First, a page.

August 31, 2009
Our house is now a giant billboard advertisingTyvek and Carter Lumber. The crew applied the Tyvek to the north wall, which will help it resist the rain splatter now that the main roof is shedding water.


September 1, 2009
Here’s the Tyvek going up on the cottage, and how it looks with it done.

September 4, 2009
The Tyvek is now complete. These photos show the south side of the main house, and the east wall of the workshop.

September 17, 2009
In order to improve the appearance of the concrete foundation walls below the siding, we decided to parge them using Quikrete Heavy-duty Masonry Coating with added Liquid Cement Color, both available from Lowes. We conducted a series of tests to find a reasonable mix of pigments. For our first test we used the “Buff” cement color and the result was unpleasantly peach-colored as shown on the left below. Really it looks worse than in the photo – it would look fine in Florida but not in Michigan. For the second test we added a lot of “Charcoal” color and the result was a slate gray as shown on the right. On the third try we got a decent light brown as shown in the middle, and the color matches our dirt fairly well. The blotchy area in the middle-right below was not quite dry yet.

Here’s our secret recipe for dirt-brown parge coating:

2 1/2 quarts water
1 quart Quikrete Acrylic Fortifier
8 tablespoons Buff cement color
4 tablespoons Charcoal cement color
20 pounds Heavy Duty Masonry Coating

You have to mix all the liquid ingredients first, then mix in the powered coating a little at a time. This makes a fairly thin mix, too thin for waterproofing but we only want a durable color coat and enough thickness to hide some of the concrete irregularities. Bruce skillfully applied it around the entire foundation. Eventually the top edge will be covered by the siding and the bottom edge will be covered by topsoil, with only about a foot exposed. Here’s the parging being applied, and how it looks with the “heathered moss” color ofHardiePlank siding:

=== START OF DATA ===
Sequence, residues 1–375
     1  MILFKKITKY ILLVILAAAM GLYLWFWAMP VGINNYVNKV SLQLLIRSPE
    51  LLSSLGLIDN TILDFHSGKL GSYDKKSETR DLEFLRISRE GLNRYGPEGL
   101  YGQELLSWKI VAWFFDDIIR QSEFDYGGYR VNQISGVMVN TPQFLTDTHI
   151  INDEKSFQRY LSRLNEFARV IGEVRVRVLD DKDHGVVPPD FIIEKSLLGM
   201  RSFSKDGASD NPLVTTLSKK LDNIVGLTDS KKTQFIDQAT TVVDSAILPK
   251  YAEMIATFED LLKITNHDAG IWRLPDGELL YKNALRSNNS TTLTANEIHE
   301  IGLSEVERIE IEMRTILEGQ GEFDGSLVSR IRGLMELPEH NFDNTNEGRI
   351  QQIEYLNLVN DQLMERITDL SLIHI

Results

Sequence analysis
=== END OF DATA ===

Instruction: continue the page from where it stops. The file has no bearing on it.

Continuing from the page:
October 1, 2009
The joint where the plywood sheathing meets the concrete foundation is a likely place for water intrusion, because any water that makes it past the siding will run down the Tyvek and it ends right at the bottom of the plywood. To prevent water from seeping in at this joint, we had Dan and Bruce install a 3″ band of aluminum flashing all around the perimeter. The Tyvek laps over the flashing so any water running down is prevented from reaching the sheathing. The siding will come down almost to the bottom of this flashing.

October 29, 2009
Dan and Bruce started applying the vertical siding to the wall that will hold the solar heat collectors.Then they moved on to the small adjacent wall, applying the horizontal siding that will cover most of the house.

Here’s the finished wall, all ready for the solar heat collectors. This wall is right above the south end of the garage. On the right hand side is the small triangular wall that holds the outlet vents for the heat recovery ventilator, clothes dryer, and plumbing drains.

November 24, 2009
Dan and Bruce began applying siding to the north wall of the house. If you look closely in the photo below and the next one you can see the dark green clamps that grip the siding boards in order to position the next row at the proper spacing. The siding is blind nailed so each piece covers the nails of the piece below it.

Here’s a detail of the flashing around a window. The strips around the window are self-adhesive flashing material, and the Tyvec laps over it at the top. This creates a drainage plane behind the siding and fully surrounding the window. You can also see the self-adhesive flashing that goes behind each vertical butt joint in the siding. There’s no caulking at these joints, so the flashing strips behind the joints direct water out of the wall.

December 2, 2009
With today’s nice weather, Dan and Bruce made a lot of progress on the siding. The first photo below shows the east gable of the cottage, on the front of its enclosed porch.The big empty space over the windows will hold artwork of some kind but we haven’t yet decided what it will be. The second photo below shows the east wall of theworkshop. They finished detailing the clerestory windows above so we’re finally ready for the roofing over the sun porch and lanai.

December 29, 2009
We had nice sunny weather today, and Dan and Bruce sided the north wall of the cottage, just to the right of the front porch.

January 16, 2010
The siding is finally done on the east side of the house, except on the front porch where we’ll use a different color. The first photo shows the view looking northeast up the driveway, and the second shows the front porch and front door. We’re really tired of seeing the word Tyvek!

January 20, 2010
Dan and Bruceapplied the siding to the front of the dining room around the big windows, finally covering up that ugly pink foam! It sure makes the south face of the house look a lot better without all that pink showing.